But in the end, Kelsa's decision is one that she never thought she would decide on, after finding out that her current boyfriend had once again cheated on her, she realizes that Nazan, the vampire lord never cheated on her and was faithful to her the entire time.
That's all I got but I'm not sure if it sounds good or not.
I'm asked to write a synopsis of The Storyteller's tale and send the first three chapters of the story to an agent.
I was always told that a synopsis should not be no more than half of a page and yet I see synopsis that are over two pages.
The agent didn't state how many pages they want for the sysnopsis, so should I just go with two pages and double space it or go for a page and one line space?
Or should I just wing the whole thing and give the agent one page sysnopsis and hope for the best or go full out and do two pages long or longer?
Just as a general discussion topic, what sort of strategies do you employ in writing and selling?
Do you choose markets and then write for them, do you write and then look for suitable markets, or both, or something else? And why?
I tend to round it to the nearest zero, but wouldn't the publisher or agent be more thrilled if they knew exactly how many words to expect to find in the manuscript?
I have been told go to the nearest zero and then I'm told by someone else give them the correct amount of words.
Which should I do - round it to the nearest zero or give them the correct amount? The reason why is my manuscript For the Love of Abdullah, is rounded to the nearest zero which is actually a lower count than it actually is by fifty or sixty words and I want to make sure that they know how many words is in the manuscript.
Here's a quick question--what's the protocol on ongoing queries after a partial's been requested? My guess is that it's probably fine, since there's no request for exclusivity, but it feels a little different than simultaneous queries.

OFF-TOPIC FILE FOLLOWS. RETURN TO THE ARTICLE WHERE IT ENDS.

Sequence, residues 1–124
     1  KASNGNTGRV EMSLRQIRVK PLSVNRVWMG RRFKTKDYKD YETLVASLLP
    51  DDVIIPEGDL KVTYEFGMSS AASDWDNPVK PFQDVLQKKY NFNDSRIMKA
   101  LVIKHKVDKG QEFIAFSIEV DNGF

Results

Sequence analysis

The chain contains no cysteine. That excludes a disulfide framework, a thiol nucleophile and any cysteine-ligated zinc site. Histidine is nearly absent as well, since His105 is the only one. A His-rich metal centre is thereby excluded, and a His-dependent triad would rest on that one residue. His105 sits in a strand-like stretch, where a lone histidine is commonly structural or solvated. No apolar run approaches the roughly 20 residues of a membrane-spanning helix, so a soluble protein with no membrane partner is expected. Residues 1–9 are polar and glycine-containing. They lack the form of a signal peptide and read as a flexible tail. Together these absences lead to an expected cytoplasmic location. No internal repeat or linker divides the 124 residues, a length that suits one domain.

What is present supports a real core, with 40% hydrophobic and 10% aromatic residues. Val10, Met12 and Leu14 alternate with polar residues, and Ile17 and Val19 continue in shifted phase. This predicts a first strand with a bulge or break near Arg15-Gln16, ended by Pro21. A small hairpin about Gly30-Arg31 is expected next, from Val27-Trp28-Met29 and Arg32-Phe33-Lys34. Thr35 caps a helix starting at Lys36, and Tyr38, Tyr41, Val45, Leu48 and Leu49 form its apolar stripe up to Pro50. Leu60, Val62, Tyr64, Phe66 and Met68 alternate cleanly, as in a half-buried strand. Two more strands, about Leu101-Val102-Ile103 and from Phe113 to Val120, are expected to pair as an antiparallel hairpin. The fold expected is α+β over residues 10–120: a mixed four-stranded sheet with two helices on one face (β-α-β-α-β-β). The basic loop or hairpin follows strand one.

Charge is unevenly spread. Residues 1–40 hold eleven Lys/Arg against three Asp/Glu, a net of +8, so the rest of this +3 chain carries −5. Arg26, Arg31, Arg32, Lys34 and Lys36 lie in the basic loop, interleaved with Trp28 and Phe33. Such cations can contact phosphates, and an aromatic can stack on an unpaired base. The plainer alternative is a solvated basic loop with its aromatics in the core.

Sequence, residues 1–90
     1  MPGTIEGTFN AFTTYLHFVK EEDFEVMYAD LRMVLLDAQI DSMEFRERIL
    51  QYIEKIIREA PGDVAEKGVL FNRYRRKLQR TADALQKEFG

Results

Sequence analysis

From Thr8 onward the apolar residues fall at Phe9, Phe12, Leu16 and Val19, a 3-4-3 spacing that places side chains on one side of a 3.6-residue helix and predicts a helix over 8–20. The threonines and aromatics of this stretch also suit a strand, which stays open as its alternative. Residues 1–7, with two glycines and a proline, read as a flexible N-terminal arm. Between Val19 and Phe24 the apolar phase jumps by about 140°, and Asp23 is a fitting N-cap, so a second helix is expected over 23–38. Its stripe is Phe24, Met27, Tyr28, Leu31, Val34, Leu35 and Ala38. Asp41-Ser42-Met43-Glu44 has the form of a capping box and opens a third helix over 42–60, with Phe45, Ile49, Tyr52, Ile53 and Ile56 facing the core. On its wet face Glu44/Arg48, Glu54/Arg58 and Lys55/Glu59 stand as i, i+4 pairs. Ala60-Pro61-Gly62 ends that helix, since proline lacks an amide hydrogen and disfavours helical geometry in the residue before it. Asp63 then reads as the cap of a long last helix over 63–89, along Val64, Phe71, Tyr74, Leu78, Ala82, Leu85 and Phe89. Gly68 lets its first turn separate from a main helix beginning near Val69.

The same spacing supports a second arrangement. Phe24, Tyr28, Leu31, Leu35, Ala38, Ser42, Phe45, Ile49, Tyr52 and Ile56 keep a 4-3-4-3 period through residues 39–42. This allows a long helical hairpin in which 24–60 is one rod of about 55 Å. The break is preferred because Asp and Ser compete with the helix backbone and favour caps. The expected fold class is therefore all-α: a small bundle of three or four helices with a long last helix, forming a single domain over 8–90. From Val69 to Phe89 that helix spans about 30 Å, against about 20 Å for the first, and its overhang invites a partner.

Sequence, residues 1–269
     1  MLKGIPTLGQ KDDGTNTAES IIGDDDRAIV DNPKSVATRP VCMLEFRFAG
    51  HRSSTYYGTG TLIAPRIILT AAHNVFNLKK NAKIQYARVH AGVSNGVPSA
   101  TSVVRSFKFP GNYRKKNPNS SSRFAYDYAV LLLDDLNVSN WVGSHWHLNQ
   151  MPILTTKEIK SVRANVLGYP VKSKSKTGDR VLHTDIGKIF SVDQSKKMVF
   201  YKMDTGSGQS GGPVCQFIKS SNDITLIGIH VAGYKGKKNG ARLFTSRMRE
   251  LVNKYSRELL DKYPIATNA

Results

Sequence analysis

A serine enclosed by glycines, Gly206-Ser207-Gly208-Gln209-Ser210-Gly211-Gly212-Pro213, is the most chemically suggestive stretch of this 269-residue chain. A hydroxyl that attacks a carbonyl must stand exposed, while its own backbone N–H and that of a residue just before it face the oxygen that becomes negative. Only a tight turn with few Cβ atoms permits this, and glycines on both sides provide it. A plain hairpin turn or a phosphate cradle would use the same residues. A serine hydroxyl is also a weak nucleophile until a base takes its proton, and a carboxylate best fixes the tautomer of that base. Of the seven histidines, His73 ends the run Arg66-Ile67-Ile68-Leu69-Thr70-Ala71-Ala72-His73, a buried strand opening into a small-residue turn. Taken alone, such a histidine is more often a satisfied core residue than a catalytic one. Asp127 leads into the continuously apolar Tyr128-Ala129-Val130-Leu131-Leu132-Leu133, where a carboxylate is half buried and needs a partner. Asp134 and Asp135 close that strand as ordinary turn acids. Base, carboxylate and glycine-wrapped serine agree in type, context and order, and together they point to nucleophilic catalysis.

So one agent requested a partial, and I still have outstanding queries on the book. If one of them asks for a partial too, I can send it (so long as they don't need exclusivity.) Can I reasonably keep querying new agents, or ought I to give the one agent who requested a partial at least a week or so before I send out more queries? (In an ideal world, an agent would get to the story in a week or so. This particular agent is actually supposed to be pretty good on turnaround times, so I'm hopeful.)
An agent has just asked for a partial mss of my first novel, exclusively. What does that mean? Another agent has asked for a partial earlier this month, and she got it, no mention of exclusivity. What do I do now?
On one of my submissions, I found the rejection a week later in my "junk mail" folder. Now I keep worrying that I might miss an acceptance when clearing out the junk folder.
Do you think it would look unprofessional to send submissions from a Yahoo email address? My ISP uses Yahoo for email services, and I can set up Yahoo addresses that don't go through the spam filter. The email I've been using is @my ISP, instead of @yahoo.